Philip Schofield and This Morning – The Crisis Communications Lesson
May 30, 2023

“Why is this a story?” someone asked one of our trainers at a party over the weekend. They were talking about Phillip Schofield’s departure from ITV’s This Morning. Given that our trainer is a working journalist (like all of our trainers), providing media training courses for a wide range of companies and individuals, the assumption was, quite understandably, that they might be able to answer this question.

We provide media interview coaching, crisis communications and message development courses for individuals and organisations in all kinds of different sectors, including, oddly enough, the media industry. We help TV companies, celebrities and other media organisations to prepare for media interviews and to handle difficult questions and crisis situations.

Philip Schofield as a Media Story

So, to return to the question, why is this sorry saga such a story for the media? First, it is about the media, and the media loves a story about the media – whether it’s about journalists, media organisations or a debate about reporting and journalism. It’s a safe bet that the ITV press office knew that other media outlets would be all over this story. Second, the events that have played out over the last few weeks have a strong human element – someone who has been very successful in their career and is apparently loved by millions is suddenly brought low. “Build them up – and knock them down” is something of a media cliché, but like most clichés, it’s true. So many media stories are successful due to elements of human emotions.

Third, this story has conflict and argument – Philip Schofield versus ITV and perhaps even his co-host Holly Willoughby with allegations made and rebutted about a “toxic” culture on the show. Fourth, there’s a peep behind the curtains – as with a story about the Royal Family or any other well-known institution, we, as the public, love to see what’s really happening.

The fifth reason for these events still grabbing the headlines – and being discussed at parties over the weekend – is that the story has legs. Schofield’s resignation happened nearly two weeks ago, but since then, many of the interested parties have added their tuppence worth as allegations have flown, revelations have been made, and allegations have been aired and then rebutted.

How this Story Integrates into Training

This coming week we’ll be providing crisis communications courses and media training workshops to various organisations, and it’s a safe bet that the Schofield story and its latest developments will be discussed as we look at what makes a media story and ask: “How can an organisation handle a crisis?” The main issue here is that, as I just pointed out, this story has longevity. If you’re managing a crisis, you need to release the facts quickly and stick to your story. “Tell it all, tell it quickly and tell it truthfully” is what we advise clients in our crisis communications workshops.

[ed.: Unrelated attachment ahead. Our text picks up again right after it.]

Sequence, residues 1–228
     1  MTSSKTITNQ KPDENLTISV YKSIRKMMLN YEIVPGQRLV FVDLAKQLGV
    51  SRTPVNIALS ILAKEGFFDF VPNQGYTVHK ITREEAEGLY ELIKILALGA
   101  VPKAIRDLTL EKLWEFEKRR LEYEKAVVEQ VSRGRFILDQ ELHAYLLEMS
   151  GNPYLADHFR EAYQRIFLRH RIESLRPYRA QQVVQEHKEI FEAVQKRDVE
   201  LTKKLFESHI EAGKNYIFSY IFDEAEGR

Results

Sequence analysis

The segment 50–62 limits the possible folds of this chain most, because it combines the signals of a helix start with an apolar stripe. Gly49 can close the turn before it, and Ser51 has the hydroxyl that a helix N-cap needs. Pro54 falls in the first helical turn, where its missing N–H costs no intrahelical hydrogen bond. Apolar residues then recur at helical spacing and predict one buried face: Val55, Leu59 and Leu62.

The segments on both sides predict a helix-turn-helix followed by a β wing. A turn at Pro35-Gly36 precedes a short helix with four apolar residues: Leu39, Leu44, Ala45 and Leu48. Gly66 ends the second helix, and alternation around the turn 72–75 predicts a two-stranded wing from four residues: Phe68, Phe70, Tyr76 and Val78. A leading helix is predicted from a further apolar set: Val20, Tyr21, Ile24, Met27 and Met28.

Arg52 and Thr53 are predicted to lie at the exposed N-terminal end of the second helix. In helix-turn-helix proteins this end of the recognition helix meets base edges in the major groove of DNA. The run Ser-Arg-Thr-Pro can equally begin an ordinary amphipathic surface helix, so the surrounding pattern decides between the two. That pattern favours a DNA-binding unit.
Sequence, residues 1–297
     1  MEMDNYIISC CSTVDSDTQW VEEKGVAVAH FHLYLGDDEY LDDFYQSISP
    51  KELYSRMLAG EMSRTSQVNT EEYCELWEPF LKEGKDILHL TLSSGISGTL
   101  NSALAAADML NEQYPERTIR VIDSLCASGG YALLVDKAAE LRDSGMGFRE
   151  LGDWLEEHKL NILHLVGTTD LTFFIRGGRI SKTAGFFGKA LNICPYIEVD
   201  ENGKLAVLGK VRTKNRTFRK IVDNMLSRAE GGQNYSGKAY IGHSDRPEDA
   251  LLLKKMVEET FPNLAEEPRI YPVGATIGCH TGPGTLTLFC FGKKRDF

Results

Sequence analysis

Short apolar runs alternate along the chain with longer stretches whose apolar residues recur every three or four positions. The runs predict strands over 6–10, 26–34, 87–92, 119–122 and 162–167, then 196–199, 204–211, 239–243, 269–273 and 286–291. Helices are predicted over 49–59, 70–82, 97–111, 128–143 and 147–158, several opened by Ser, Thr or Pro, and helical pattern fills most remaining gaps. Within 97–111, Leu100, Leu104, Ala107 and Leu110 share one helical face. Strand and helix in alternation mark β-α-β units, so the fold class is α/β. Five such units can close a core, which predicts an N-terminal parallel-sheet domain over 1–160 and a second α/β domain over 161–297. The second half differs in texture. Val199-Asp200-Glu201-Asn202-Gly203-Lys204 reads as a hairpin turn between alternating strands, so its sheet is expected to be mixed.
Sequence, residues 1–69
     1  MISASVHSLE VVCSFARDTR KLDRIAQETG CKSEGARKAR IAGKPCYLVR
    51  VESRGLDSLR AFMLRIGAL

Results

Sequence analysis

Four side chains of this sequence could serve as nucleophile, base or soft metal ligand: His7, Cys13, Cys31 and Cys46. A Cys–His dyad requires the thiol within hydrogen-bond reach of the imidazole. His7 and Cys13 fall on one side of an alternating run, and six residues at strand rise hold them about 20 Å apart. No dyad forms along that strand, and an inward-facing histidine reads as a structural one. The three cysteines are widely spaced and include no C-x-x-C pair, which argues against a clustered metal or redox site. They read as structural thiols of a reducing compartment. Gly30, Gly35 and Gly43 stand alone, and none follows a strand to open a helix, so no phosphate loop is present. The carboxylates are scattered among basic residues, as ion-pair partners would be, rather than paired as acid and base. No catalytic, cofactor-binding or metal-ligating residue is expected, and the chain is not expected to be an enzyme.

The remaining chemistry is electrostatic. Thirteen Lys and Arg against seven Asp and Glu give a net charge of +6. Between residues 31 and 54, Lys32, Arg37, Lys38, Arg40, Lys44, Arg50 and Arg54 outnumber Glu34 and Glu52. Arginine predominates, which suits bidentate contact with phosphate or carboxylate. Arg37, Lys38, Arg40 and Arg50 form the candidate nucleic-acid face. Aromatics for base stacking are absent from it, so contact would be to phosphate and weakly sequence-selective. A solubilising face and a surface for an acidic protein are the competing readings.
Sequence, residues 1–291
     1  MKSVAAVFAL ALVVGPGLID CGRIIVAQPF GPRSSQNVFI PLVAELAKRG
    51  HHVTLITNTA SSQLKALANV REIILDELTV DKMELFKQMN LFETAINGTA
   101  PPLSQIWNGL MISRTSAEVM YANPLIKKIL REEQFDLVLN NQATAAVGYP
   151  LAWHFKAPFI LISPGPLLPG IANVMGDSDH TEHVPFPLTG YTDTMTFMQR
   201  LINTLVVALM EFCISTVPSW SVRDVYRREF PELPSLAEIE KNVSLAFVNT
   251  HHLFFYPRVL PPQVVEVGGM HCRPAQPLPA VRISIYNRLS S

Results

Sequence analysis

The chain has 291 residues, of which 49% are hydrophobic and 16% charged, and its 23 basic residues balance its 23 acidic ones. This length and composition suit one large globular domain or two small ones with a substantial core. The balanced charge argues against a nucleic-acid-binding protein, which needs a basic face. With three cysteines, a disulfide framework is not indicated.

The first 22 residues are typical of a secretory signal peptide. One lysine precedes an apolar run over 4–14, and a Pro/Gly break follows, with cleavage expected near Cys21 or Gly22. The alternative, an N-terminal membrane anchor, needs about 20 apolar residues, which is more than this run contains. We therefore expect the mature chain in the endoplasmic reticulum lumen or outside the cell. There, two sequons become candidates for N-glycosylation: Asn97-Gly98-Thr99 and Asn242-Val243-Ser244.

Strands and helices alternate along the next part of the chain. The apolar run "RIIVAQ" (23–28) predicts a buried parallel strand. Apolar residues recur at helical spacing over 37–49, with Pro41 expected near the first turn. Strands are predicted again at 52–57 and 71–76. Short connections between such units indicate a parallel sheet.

The first point is important here – you need to release facts that might not be helpful. This might be an email warning weeks before that the incident might occur or a reference to a near miss that occurred before the event itself. This might sound counterintuitive; after all, you want to kill the story, don’t you? Not add more fuel to the fire. But the truth is that these facts will emerge and, like the news of Schofield’s relationship with a younger man who ITV later employed, they’ll give the crisis those legs that the media love – but media relations people quite understandably hate. It’s better to get it all out in one go. Also, by releasing this information yourself, you’ll appear proactive and open and able to manage it more effectively. Here are five things that you should do when a crisis looks like it is about to erupt.

This brings us to the next point. If you’re managing a crisis, you need to be the single source of truth: the place that journalists and others come to get relevant information. If you’re not forthcoming and don’t help the media with their enquiries, they won’t stop covering you; they’ll go elsewhere for insights and updates. This could be an academic or expert in the sector, but it could also be a disgruntled former employee or a competitor. You need to ensure that journalists get their information from you, or rather your PR company or in-house media relations team. That’s one reason we work with PR agencies and in-house comms teams to help them prepare for these crisis situations.

What should ITV do?

ITV could also offer to carry out an enquiry into what went wrong here. This particular situation doesn’t require a full investigation in the way that an explosion, a cyberattack, an allegation of racism, sexism or bullying, an accident or a serious systems failure might do. However, offering to take action here would put the organisation in a better light and would give spokespeople and press office staff that useful “get-out-of-jail-free-card” by allowing them to explain that they can’t answer certain specific questions until the inquiry has been reported.

Key Media Stories

It may well be that by the end of this week, the world has moved on from this story – after all, there is the little matter of Russia’s invasion of Ukraine, the state of the economy and the prospect of AI eating all of us alive to consider. Either way, we’ll be mentioning the Philip Schofield case in our future crisis communications courses and media training courses and extracting lessons from it.

To book your media training or crisis communications training course today, please call 07958 239892 or email

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